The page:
This preview has intentionally blurred sections. Sign up to view the full version.
View Full DocumentThis preview has intentionally blurred sections. Sign up to view the full version.
View Full DocumentThis preview has intentionally blurred sections. Sign up to view the full version.
View Full Document
Unformatted text preview: 1 Discrete Math CS 2800 Prof. Bart Selman [email protected] Module Basic Structures: Sets 2 Set Theory  Definitions and notation A set is an unordered collection of objects referred to as elements. A set is said to contain its elements. Different ways of describing a set. 1 – Explicitly: listing the elements of a set {1, 2, 3} is the set containing “1” and “2” and “3.” list the members between braces. {1, 1, 2, 3, 3} = {1, 2, 3} since repetition is irrelevant. {1, 2, 3} = {3, 2, 1} since sets are unordered. {1,2,3, …, 99} is the set of positive integers less than 100; use ellipses when the general pattern of the elements is obvious. {1, 2, 3, …} is a way we denote an infinite set (in this case, the natural numbers). ∅ = {} is the empty set, or the set containing no elements . Note: ∅ ≠ { ∅ } 3 Set Theory  Definitions and notation 2 – Implicitly: by using a set builder notations, stating the property or properties of the elements of the set. S = {m 2 ≤ m ≤ 100, m is integer} S is the set of all m such that m is between 2 and 100 and m is integer. 4 Set Theory  Ways to define sets Explicitly: {John, Paul, George, Ringo} Implicitly: {1,2,3,…}, or {2,3,5,7,11,13,17,…} Set builder: { x : x is prime }, { x  x is odd }. In general { x : P(x) is true }, where P(x) is some description of the set. Let D(x,y) denote “x is divisible by y.” Give another name for { x : 2200 y ((y > 1) ∧ (y < x)) → ¬ D(x,y) }. Can we use any predicate P to define a set S = { x : P(x) }? : and  are read “such that” or “where” Primes 5 Set Theory  Russell’s Paradox Can we use any predicate P to define a set S = { x : P(x) }? Define S = { x : x is a set where x ∉ x } Then, if S ∈ S, then by defn of S, S ∉ S. So S must not be in S, right? ARRRGH! But, if S ∉ S, then by defn of S, S ∈ S. No! There is a town with a barber who shaves all the people (and only the people) who don’t shave themselves. Who shaves the barber? "the set of all sets that do not contain themselves as members“ Reveals contradiction in Frege’s naïve set theory. 6 Set Theory  Russell’s Paradox There is a town with a barber who shaves all the people (and only the people) who don’t shave themselves. Who shaves the barber? Does the barber shave himself? If the barber does not shave himself, he must abide by the rule and shave himself. If he does shave himself, according to the rule he will not shave himself. )) , ( ) , ( )( ( ) ( ( ) ( y x shaves y y shaves y x barber x ↔ ¬ 2200 ∧ 5 This sentence is unsatisfiable (a contradiction) because of the universal quantifier....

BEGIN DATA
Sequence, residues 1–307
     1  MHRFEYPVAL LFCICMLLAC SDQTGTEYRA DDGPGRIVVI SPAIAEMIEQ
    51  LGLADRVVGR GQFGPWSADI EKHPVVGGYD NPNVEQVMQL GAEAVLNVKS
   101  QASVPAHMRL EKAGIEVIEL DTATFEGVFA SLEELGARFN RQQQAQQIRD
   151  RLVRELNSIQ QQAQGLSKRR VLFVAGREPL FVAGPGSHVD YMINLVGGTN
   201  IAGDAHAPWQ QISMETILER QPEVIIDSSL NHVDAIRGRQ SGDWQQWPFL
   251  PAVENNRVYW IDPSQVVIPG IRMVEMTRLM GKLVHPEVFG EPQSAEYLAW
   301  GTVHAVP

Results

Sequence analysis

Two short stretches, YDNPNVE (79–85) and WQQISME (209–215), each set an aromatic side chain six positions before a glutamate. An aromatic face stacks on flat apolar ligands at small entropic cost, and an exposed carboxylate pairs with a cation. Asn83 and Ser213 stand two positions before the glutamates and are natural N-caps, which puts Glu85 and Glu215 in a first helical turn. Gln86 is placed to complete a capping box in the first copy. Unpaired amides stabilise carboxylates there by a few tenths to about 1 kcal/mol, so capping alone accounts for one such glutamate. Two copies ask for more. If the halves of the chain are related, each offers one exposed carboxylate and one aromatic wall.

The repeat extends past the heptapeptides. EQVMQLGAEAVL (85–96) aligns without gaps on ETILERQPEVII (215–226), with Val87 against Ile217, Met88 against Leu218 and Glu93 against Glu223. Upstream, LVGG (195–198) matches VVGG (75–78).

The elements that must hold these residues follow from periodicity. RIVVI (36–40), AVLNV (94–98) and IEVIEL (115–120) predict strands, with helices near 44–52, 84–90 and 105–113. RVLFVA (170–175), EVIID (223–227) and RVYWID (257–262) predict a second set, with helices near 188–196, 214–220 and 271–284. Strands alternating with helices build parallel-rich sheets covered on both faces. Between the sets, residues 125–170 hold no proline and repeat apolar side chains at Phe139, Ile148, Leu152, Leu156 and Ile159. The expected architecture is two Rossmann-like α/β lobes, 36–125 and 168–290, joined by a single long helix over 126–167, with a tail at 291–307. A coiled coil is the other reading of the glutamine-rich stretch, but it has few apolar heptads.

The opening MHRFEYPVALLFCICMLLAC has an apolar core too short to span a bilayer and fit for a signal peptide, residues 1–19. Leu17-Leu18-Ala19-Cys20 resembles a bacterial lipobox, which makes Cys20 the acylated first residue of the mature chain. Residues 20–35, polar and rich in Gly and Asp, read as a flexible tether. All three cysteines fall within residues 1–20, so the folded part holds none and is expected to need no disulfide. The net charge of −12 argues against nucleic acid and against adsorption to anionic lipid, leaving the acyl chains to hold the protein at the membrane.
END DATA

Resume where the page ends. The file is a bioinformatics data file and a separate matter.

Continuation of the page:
View
Full Document
 '07
 SELMAN
 Set Theory, Natural number

Click to edit the document details